How We Celebrate the Holidays
We asked Oprah.com users: What holiday traditions, including celebrations, events and activities, are unique to your family and friends? From football to fruitcake, get creative ideas to celebrate the holidays from people just like you!
Original Content | December 07, 2000
Every year, getting everyone to sit down at the same table for our traditional Thanksgiving dinner nearly sends me into a teenage funk until the tryptophan from the turkey kicks in. But Christmas, ah Christmas, now that's my holiday.
I was born on my dad's birthday, December 27, so Christmastime has always meant sharing a weeklong celebration with family and friends...and two cakes. It's hard growing up as a Christmas baby not to feel slighted when only a handful of friends are in town, let alone can trudge through the snow to your party, but I quickly learned there's a difference between quantity and quality and to be thankful for those who were able to celebrate with me. As family has grown up and out, juggling the festivities has become more of a carefully orchestrated dance between departure time and bar time (this year, my challenge is to make it from my nephew's christening in Toledo to my party in Chicago in under five hours), but the Capricorn in me wouldn't miss the food and family bonding for the world.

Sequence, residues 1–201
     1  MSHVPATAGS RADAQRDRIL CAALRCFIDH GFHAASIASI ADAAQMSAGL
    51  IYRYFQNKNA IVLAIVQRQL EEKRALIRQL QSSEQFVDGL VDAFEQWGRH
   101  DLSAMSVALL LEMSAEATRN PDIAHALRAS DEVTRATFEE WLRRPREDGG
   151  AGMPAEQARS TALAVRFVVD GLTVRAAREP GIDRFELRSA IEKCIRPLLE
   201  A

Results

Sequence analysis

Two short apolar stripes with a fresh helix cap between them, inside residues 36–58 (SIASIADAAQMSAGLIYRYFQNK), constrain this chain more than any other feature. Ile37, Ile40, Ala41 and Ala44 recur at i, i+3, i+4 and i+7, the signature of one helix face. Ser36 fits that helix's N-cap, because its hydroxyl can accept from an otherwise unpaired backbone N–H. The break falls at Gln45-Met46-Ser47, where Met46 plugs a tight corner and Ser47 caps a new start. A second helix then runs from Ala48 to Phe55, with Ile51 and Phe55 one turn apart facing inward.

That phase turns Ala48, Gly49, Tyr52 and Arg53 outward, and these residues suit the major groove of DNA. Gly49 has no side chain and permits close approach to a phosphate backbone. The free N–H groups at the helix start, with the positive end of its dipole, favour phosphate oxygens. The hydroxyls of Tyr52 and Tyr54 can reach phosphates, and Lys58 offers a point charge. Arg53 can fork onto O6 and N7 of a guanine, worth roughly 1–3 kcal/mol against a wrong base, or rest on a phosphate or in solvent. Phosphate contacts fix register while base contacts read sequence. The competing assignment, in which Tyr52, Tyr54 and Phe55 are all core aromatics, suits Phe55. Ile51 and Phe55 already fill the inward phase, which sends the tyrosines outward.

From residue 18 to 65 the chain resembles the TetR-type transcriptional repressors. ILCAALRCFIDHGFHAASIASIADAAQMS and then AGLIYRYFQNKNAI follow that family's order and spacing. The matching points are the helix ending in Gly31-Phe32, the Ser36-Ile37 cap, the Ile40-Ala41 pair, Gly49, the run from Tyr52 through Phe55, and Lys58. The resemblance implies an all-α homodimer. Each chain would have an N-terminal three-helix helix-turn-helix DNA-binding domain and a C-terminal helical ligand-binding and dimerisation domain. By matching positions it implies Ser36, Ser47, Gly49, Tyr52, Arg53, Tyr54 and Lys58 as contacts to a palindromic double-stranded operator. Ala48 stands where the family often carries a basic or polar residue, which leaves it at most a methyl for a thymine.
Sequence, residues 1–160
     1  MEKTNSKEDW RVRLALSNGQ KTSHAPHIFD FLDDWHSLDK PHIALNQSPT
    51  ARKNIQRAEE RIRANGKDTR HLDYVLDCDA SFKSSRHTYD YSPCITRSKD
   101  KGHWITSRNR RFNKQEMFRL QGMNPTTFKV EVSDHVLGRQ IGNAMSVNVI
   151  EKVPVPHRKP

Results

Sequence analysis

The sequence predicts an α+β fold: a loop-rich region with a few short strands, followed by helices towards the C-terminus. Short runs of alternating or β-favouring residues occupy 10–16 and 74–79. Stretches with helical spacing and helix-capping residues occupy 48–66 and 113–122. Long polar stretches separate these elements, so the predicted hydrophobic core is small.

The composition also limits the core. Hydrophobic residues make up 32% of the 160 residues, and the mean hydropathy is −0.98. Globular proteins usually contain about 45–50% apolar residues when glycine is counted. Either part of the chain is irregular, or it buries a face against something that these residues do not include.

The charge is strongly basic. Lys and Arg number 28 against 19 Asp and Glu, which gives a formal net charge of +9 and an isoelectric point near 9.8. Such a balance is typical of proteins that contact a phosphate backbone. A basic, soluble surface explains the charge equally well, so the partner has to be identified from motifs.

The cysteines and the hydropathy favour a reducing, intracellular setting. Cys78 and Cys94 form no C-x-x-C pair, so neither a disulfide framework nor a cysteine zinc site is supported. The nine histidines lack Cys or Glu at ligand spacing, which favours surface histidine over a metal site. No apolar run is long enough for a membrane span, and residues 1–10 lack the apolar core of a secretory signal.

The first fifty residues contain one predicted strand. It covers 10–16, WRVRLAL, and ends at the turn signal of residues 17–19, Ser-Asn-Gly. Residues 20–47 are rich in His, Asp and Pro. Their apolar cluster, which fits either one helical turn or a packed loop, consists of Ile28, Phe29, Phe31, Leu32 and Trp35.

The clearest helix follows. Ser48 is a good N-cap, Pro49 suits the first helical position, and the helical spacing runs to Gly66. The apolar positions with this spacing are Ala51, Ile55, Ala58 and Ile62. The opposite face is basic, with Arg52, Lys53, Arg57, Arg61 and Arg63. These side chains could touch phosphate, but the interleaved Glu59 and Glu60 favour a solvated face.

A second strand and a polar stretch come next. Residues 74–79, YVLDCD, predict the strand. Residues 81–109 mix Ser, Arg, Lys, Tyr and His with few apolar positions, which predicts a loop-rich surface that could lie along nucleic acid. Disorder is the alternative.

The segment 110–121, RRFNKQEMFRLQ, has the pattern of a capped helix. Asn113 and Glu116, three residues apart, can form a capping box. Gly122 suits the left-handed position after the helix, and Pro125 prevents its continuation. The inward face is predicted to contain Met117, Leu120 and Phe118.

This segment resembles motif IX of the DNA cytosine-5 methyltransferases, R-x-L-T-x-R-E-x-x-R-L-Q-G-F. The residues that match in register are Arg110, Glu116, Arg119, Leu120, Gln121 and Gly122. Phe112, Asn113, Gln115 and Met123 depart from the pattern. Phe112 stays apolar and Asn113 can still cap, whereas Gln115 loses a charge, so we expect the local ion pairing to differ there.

On Christmas Eve, my family does a crazy late-night buffet of everyone's favorite finger foods. The smorgasbord including shrimp cocktail, herring (for the brave of heart like my Grandma Stella), spicy pizza squares (Velveeta and spicy Italian sausage baked on cocktail rye bread), cheese fondue (my specialty that I perfected in college), Russian tea balls rolled in powdered sugar, wreathe cookies (the ones with cornflakes, marshmallows and Red Hots) and apricot-filled Horns (a family tradition my little sister and I have spent years in the kitchen learning from Grandma Edith and Mom, yet I still can only make under supervision). There are veggies and dip, too, for the health conscious. Then, once the plates are cleared away, we each get to open one present—a bribe my parents made when we were little to get us to go to bed so they could wrap the gifts from "Santa" that we've never let go.
On Christmas morning, we all pile into the living room, and if you're lucky enough to be chosen as an "elf," you get to wear a special hat while you pass out everyone's gifts. The tricky part is making sure the littlest elves leave a few presents under the tree for me to open with my birthday cake.
What holiday tradition will you celebrate this year?